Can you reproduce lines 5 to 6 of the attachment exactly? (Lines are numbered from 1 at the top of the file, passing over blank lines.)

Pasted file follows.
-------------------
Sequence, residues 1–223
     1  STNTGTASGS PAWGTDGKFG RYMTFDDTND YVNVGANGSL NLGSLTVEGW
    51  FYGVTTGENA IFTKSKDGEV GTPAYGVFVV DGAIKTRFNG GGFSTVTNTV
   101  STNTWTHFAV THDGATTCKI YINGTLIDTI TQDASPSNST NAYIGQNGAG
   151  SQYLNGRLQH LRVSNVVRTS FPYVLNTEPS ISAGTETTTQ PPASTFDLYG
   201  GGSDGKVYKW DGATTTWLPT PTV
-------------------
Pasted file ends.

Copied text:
   151  SQYLNGRLQH LRVSNVVRTS FPYVLNTEPS ISAGTETTTQ PPASTFDLYG
   201  GGSDGKVYKW DGATTTWLPT PTV